7. Worship and obedience are inseparable.
The Bible does not separate persons from their deeds. Neither does the Bible separate worship from obedience. The primary evidence of what is in the heart is not our words or emotions but our deeds. In his parable of the Vine and Vinedresser (Lk 13:6-9) Jesus teaches that branches that do not produce fruit are tossed into the fire. This principle is established by God in the form of covenant blessings and curses (Lev 26; Deut 28). God’s moral law (the 10 Commandments) may be properly understood as a call to live all of life for the glory of God.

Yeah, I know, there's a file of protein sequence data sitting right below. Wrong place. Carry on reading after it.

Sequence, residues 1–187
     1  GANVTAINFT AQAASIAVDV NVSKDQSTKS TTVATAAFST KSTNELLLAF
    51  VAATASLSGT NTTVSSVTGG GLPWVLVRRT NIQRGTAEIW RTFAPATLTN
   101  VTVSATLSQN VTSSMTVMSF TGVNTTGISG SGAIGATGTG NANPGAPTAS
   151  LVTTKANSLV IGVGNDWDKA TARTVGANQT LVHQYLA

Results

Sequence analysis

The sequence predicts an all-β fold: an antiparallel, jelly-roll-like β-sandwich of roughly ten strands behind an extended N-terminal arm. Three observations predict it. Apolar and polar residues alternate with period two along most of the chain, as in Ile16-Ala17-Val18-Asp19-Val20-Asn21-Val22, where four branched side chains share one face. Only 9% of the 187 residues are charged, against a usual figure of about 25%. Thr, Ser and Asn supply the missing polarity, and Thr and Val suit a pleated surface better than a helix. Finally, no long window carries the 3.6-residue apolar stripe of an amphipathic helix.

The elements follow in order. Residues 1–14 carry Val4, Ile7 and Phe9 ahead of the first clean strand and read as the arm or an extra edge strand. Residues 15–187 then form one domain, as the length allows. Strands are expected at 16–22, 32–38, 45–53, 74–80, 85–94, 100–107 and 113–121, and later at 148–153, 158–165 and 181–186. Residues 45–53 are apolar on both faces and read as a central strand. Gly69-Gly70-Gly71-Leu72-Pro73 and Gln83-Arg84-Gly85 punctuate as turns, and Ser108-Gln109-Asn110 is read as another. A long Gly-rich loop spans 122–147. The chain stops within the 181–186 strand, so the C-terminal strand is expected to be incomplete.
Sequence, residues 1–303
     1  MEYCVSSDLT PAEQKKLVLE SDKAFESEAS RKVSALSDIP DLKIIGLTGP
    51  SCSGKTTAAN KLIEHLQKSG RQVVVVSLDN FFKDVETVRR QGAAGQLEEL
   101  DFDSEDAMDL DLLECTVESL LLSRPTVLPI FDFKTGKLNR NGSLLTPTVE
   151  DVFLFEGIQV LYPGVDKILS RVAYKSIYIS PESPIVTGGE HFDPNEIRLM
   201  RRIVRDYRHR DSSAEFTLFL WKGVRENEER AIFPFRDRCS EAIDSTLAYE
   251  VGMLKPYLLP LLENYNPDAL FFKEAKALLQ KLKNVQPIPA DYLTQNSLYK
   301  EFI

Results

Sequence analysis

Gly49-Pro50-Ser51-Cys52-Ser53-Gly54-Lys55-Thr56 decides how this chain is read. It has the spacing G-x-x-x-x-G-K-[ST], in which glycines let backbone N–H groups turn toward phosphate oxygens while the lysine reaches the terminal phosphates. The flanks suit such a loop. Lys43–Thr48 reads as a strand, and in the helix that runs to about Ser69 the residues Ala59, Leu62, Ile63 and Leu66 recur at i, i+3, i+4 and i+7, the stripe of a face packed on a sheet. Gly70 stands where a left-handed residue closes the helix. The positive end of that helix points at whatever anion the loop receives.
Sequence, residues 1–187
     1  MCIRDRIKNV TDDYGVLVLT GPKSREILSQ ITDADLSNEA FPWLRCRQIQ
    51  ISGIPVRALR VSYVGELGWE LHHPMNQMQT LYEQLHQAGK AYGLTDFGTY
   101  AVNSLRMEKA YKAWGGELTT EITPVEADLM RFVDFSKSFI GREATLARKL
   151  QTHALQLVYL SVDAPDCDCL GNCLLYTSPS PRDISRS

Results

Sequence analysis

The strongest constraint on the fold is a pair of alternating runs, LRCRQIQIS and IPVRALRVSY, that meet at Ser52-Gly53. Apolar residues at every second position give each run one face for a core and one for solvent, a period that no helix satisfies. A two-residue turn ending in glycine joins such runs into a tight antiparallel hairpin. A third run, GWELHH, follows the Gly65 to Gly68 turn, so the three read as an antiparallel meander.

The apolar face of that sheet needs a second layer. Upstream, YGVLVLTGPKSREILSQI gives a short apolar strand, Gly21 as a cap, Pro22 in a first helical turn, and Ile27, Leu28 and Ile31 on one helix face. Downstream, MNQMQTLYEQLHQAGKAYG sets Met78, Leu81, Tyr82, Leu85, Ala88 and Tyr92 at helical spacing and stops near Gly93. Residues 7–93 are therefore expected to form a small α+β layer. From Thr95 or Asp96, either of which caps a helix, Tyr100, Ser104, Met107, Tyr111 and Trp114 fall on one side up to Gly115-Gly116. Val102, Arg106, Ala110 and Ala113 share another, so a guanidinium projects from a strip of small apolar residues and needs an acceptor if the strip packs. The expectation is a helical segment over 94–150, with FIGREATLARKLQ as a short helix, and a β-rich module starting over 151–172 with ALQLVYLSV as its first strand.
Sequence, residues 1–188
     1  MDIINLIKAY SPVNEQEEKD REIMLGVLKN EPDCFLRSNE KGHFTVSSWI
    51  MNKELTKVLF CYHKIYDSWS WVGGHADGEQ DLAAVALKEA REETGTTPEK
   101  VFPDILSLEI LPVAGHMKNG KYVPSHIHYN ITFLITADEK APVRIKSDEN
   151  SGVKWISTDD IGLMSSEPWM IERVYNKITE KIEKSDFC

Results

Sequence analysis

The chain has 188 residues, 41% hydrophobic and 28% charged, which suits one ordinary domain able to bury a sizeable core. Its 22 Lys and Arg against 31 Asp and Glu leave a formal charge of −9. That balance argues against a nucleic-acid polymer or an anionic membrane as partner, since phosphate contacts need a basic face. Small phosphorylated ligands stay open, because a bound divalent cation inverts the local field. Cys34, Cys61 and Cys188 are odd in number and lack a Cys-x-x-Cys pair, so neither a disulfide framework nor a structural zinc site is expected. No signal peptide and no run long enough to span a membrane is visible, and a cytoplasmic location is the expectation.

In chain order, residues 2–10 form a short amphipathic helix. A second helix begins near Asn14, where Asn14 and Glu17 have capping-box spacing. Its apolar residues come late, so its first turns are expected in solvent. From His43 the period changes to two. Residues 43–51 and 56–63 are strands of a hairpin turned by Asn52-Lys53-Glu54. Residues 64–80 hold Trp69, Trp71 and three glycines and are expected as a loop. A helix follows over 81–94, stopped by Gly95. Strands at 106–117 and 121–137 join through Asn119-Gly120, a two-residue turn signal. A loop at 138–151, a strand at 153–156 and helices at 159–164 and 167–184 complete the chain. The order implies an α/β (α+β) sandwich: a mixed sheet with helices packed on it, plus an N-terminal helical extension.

Todd Pruitt serves as Lead Pastor of Covenant Presbyterian Church in Harrisonburg, VA and blogs regularly at Ref21 and 1517. Raised a Southern Baptist, he is a graduate of Midwestern Baptist Theological Seminary in Kansas City. He, along with Carl Trueman and Aimee Byrd, hosts the podcast Mortification of Spin. Todd and his wife Karen have three children.
John 1:3—All things came into being through Him [Jesus], and apart from Him nothing came into being that has come into being.(4) Jesus is the Forgiver:
Colossians 1:16—For by Him [Jesus] all things were created, both in the heavens and on earth, visible and invisible, whether thrones or dominions or rulers or authorities—all things have been created through Him and for Him.